I also think this abandonment of European multiple nationhood is unlikely to happen - what now seems more likely is that the Euro experiment flies apart. Better to have a smoother transition to a diverse and friendly Europe with borders as open to people and trade as possible, but if this current mess falls apart things could get very much worse than that. Keeping borders relatively open does require some commonality of regulations and laws.

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OK, Greg 16 ...

... I'll stop being quiet. In my opinion, being part of the EU is one of the best things that have been done during my lifetime. It has brought stability and integration with our neighbours, and slowed down the rate at which we were becoming a mere annexe of the USA, which (again in my opinion) would be intolerable. A pan-European trading group with some political power was and is logical. I'm open to discussion on whether there has been too much or too little political integration, though I err on the side of too little.

However, I always thought, and still do, that the Single European Currency was a very bad idea, that it brought together too many countries with different ideas about what "fiscal responsibility" actually means, and that it would lead to just this sort of situation, or worse (I can still see war being a result of of what is going on).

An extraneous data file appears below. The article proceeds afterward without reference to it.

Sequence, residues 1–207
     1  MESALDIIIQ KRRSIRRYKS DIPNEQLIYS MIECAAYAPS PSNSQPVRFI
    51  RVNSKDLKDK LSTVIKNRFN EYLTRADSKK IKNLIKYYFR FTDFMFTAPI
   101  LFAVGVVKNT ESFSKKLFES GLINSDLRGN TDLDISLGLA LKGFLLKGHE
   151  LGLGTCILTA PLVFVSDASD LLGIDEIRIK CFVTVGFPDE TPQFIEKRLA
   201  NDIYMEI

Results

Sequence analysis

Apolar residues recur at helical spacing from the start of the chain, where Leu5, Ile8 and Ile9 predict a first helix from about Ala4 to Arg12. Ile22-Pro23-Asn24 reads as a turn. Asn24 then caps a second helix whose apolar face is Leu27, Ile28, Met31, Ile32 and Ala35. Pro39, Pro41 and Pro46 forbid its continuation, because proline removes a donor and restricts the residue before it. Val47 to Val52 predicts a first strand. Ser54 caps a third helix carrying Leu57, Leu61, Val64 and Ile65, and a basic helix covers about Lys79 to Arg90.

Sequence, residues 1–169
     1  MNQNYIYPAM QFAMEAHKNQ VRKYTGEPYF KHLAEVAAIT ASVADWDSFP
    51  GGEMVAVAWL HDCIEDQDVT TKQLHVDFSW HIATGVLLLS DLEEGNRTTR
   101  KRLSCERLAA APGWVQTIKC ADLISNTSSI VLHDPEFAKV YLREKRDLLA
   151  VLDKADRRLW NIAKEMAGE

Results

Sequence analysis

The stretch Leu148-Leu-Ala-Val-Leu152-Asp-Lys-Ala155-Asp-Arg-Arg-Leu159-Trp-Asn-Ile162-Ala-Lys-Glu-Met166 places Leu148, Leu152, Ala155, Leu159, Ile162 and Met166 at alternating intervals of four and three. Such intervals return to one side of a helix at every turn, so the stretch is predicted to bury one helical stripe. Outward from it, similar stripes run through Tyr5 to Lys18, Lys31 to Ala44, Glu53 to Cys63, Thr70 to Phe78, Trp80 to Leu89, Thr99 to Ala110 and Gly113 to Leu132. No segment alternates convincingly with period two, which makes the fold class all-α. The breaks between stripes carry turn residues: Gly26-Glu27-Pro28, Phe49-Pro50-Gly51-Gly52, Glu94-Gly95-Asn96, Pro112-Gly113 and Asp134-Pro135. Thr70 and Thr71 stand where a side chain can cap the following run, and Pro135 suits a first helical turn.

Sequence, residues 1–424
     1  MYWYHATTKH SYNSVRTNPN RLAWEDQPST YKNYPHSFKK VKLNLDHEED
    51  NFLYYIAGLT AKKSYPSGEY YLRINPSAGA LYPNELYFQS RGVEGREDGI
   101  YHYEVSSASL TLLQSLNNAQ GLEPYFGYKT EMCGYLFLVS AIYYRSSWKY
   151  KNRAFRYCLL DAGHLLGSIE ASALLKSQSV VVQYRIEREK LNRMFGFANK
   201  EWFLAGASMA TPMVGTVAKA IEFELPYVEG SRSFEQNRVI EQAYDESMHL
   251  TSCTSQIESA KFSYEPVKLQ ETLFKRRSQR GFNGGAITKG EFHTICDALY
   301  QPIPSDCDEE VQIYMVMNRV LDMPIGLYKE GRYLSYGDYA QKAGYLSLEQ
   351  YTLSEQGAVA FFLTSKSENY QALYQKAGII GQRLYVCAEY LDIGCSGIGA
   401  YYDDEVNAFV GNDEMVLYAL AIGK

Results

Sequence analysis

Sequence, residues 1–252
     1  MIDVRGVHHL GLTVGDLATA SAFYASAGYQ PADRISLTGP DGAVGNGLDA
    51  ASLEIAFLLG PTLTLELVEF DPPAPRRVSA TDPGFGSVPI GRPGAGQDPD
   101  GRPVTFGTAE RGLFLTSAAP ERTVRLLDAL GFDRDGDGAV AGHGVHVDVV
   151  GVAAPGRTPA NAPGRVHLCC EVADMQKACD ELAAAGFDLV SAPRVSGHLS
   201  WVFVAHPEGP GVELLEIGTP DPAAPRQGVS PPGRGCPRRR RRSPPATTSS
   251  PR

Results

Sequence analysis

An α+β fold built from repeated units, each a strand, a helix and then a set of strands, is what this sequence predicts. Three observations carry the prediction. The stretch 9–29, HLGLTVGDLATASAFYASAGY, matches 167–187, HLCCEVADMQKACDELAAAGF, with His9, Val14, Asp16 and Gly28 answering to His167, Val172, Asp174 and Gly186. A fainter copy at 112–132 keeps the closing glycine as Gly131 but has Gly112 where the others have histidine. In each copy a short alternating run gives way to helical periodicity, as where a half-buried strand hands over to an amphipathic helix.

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Mushroom

Yeah but understand the context

Look at the history man. Europe had 30 years of warfare over 2 rounds, it was fucked financially and emotionally and by 1945 the scars were so deep they were apparently never going to heal. Now that's unthinkable, thanks to largely US insistance that French stel and German coal form the ECSC.

It's all well and good sitting here with 70 years hindsight on an island that emerged relatively unscathed, but the EU had a purpose and it has served it well. Perfect, no, but run a thought experiment to see where we'd be if it hadn't formed. Your icon sums it up nicely.

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If the ECB printing money would really work maybe they could break or change the law rather than face the alternatives presented here.

Meh

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Megaphone

Fed up ......

..... with gubermints and banks telling us that we should be so careful to manage our personal finances and them then being complete arseholes with their state spending / borrowing.

During the years of the last "Prudent" labour administration I was bombarded, daily, with offers of releasing equity, having more credit cards or getting cheap loans to tempt me to become more like my peers and have a second car, a fourth annual skiing holiday and another wide-screen plasma in the kitchen. It's all shit and bollocks and the little people always end up paying for it with jobs and income and stress.

Banks and financial institutions drove the more recent expansion of Europe because they wanted to reach a wider customer base for lending euros out and trading in misery. That's what precipitated the latest pile of streaming effluent.

Remember that both Germany and France (and UK, I think?) allowed themselves to break the sacred government borrowing rules for Europe - so that set a fine example to countries like Greece.